The chronic skin disease of Vitiligo affects about 1-2% of the world’s population. In this disease, the pigment or color making cells in the skin, called melanocytes, are destroyed and the mucous membranes (such as the tissue inside the mouth and nose) and the eyemay also be affected. As a result, smooth, milky white or light pink patches in the middle of normally pigmented skin appear. The hair may also turn white/grey that grows in areas affected by Vitiligo and on the scalp. There are several arguments suggesting that Vitiligo is a genetically dependent disease, thus genetics play a large role in defining who might get affected by it.
Genetic studies have demonstrated that certain genes are crucial for the development of Vitiligo. This disease is said to be caused by inheritance of multiple causal genes simultaneously, possibly in different combinations in different people, plus exposure to environmental risk factors or triggers that are not yet known. Phenols, and stress whether emotional or physical, are suspected to be environmental triggers, but research continues into these and other possibilities.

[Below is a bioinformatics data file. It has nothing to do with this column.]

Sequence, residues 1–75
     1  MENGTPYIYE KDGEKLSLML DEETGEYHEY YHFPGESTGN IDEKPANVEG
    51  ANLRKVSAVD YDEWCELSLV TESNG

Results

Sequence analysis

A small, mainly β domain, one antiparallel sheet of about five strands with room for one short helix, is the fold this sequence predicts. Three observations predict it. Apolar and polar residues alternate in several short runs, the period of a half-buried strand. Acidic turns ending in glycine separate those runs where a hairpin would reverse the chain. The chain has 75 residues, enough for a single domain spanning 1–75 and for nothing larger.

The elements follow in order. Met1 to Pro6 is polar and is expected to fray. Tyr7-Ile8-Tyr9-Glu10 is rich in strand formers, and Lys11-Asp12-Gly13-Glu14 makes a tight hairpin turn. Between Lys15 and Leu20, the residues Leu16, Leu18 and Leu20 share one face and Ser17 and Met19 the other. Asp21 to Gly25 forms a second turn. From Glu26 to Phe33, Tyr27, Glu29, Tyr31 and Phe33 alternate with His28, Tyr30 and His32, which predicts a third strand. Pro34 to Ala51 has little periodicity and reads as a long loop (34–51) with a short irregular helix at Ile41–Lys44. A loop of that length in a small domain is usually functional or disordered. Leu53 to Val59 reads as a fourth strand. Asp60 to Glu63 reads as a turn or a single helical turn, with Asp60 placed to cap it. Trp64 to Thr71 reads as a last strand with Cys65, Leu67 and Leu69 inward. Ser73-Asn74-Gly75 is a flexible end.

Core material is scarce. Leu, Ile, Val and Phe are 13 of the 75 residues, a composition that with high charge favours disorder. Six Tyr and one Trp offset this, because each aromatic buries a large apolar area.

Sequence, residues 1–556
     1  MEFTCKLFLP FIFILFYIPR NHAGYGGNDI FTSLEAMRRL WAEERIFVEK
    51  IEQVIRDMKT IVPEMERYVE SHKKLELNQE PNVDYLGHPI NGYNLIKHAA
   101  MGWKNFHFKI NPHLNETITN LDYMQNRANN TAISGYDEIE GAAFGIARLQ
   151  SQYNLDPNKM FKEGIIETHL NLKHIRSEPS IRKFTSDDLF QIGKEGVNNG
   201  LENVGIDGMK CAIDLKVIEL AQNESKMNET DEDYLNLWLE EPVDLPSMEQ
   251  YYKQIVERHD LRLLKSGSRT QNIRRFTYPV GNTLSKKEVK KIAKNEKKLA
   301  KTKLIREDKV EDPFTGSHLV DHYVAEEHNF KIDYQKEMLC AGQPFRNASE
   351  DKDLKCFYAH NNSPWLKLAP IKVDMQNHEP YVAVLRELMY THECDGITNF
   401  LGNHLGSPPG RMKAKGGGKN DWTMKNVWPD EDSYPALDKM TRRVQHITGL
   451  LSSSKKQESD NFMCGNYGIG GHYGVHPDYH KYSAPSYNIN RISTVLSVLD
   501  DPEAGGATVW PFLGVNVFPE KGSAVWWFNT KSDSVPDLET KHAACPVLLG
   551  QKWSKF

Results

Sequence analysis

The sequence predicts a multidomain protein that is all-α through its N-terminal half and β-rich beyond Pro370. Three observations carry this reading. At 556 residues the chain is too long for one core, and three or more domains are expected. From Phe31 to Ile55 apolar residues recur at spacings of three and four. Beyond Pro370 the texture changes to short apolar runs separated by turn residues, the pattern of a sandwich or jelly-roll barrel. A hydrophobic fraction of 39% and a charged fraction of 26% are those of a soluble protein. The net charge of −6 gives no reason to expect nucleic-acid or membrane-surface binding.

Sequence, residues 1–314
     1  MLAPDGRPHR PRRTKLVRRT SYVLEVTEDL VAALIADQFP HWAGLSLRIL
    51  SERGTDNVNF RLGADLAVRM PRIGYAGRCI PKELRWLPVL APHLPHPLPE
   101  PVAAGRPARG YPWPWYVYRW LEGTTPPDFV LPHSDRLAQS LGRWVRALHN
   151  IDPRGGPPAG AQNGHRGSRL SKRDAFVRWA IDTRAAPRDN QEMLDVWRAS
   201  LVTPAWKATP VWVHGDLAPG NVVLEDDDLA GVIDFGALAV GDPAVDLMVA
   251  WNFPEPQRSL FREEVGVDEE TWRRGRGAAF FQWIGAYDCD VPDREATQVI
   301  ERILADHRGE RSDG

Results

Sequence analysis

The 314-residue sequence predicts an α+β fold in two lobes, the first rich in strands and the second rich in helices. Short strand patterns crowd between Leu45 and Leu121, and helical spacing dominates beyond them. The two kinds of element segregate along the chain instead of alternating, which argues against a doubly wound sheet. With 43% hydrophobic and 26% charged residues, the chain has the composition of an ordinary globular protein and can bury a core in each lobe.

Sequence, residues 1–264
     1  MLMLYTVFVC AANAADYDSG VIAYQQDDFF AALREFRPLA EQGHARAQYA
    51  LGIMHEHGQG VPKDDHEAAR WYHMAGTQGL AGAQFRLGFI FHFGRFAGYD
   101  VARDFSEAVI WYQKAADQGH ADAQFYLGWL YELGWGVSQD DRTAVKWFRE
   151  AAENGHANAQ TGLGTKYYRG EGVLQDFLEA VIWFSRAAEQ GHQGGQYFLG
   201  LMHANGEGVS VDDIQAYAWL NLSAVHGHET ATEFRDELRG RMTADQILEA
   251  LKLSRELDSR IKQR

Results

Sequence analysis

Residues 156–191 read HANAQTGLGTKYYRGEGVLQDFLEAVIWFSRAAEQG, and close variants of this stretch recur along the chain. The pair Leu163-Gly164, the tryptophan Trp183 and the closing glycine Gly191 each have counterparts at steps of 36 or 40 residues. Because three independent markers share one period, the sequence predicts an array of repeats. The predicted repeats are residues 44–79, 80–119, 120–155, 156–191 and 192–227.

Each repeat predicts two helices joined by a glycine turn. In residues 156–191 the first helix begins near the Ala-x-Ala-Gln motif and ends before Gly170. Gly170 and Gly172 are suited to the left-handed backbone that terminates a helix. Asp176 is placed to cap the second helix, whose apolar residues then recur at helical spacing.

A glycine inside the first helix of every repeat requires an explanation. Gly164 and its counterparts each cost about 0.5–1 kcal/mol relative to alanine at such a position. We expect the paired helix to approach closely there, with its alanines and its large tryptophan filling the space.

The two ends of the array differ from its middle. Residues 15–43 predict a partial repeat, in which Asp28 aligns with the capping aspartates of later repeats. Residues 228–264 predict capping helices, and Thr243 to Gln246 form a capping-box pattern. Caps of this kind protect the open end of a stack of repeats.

Vitiligo also tends to occur more often with certain other autoimmune diseases, such as hyper- or hypo-thyroidism (an over- or under-active thyroid gland), adrenocortical insufficiency (underproduction of corticosteroid hormone by the adrenal gland), rheumatoid arthritis, type 1 diabetes, psoriasis, systemic lupus erythematosus, and pernicious anemia (subnormal red blood cell level caused by inability to absorb vitamin B12). This suggests that these different autoimmune diseases probably share at least some predisposing genetic or environmental causal factors, although these mostly remain unknown.
Vitiligo affects both genders and all races, but is more noticeable in people with darker skin. It can start at any age but about half of those with Vitiligo develop it before the age of 20, and about 95% before age 40.